Rare Cuba trips by Americans all 'work' and no beach playground

Thu Aug 1, 2013 11:42am EDT
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By Jeff Franks

HAVANA (Reuters) - After several frenetic days of traveling, listening to lectures, walking through historic Havana and meeting Cubans, Terry McAbee did not hesitate when asked what the trip with her fellow West Virginia school teachers was missing.

"Beach time," she said with a laugh. "They have these beautiful beaches and we can't go."

"We're not supposed to be having fun," another teacher, Steve Stanley, joked as they sat sipping drinks with 20 fellow travelers in a small Havana bar.

They are part of the growing flow of Americans to Cuba on so-called "people-to-people" trips, the only kind the United States government allows for most citizens under its 51 year-long trade embargo of the one-party state.

The trips are regulated to be more like work than fun - "meaningful" in the political parlance of the times - so no beach time on heavily scheduled sprints through Cuban society.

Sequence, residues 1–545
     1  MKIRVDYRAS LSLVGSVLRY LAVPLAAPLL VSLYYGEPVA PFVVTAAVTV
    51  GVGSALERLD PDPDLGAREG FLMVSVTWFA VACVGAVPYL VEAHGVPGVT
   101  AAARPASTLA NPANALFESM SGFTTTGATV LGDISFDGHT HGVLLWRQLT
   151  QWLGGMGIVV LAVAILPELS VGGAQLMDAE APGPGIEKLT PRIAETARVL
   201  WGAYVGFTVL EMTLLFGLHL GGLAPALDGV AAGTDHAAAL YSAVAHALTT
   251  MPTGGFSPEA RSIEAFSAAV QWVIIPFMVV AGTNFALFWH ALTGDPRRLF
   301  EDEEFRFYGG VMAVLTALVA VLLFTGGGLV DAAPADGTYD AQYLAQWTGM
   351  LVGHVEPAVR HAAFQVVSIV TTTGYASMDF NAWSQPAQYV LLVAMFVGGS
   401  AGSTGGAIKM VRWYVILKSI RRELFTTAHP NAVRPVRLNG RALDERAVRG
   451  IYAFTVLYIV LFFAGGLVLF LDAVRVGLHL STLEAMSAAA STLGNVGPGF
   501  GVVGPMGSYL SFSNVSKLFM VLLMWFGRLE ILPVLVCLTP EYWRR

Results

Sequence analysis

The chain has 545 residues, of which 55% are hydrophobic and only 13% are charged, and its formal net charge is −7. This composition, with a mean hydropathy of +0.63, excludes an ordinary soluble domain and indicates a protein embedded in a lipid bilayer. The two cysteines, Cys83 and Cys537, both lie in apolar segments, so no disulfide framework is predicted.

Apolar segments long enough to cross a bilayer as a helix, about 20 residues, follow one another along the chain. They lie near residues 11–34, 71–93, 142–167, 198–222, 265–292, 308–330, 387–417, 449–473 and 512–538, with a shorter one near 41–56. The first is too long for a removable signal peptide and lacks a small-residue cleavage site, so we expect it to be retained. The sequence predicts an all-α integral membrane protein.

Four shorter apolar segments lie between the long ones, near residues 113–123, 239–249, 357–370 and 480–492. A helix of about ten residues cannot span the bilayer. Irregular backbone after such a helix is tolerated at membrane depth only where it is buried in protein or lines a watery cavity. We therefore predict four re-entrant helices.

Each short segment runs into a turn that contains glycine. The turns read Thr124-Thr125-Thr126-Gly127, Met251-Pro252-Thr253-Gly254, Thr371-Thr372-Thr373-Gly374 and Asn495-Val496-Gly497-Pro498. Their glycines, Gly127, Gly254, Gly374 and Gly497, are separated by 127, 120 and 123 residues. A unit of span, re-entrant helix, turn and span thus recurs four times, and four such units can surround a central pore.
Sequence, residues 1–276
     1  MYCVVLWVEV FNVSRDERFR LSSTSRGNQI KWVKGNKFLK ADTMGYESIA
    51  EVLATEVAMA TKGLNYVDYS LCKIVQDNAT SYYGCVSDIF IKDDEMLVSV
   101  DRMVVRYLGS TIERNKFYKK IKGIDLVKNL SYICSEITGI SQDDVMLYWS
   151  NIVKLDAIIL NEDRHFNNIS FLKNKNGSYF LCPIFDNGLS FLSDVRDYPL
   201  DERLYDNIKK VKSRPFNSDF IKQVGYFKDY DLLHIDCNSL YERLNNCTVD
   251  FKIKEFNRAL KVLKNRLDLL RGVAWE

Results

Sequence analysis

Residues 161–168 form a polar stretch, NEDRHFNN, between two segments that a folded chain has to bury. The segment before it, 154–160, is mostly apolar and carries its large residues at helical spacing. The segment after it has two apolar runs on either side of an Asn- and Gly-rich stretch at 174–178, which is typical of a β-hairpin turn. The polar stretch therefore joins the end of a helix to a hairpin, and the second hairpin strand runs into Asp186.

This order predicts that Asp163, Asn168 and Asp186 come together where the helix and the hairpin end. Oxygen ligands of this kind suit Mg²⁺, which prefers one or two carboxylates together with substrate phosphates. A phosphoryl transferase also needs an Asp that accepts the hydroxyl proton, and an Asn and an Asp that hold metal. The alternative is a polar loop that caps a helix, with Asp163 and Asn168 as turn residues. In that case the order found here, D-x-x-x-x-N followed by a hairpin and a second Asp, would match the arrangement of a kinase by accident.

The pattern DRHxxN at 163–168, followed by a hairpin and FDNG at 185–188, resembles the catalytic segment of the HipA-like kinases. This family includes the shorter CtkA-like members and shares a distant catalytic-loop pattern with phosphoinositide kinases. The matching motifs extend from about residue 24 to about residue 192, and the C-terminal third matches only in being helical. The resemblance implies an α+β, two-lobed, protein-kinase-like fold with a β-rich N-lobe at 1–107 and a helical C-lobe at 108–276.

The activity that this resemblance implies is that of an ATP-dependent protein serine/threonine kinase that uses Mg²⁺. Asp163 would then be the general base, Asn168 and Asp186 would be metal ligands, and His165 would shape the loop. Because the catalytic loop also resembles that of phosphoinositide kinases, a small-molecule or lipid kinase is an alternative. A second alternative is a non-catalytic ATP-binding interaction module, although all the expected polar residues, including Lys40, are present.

Despite that, people pay a lot of money to visit the Caribbean island that has been mostly off limits the past half century even though it is just 90 miles from Florida.

A four-day trip to Havana for two costs nearly $5,000, not including airfare, but the forbidden fruit aspect of Cuba is a big draw, said Edward Piegza, who led the first trip for his San Diego, California-based travel company Classic Journeys.

"It is a place and a people so close, yet off limits to us that it creates the natural desire of wanting what you can't have," Piegza said. It is, he said, a place many travelers want to see before they die.   Continued...

Tourists ride a U.S.-made 1956 Chevrolet Bel-Air convertible car on Havana's seafront boulevard "El Malecon" May 21, 2013. REUTERS/Desmond Boylan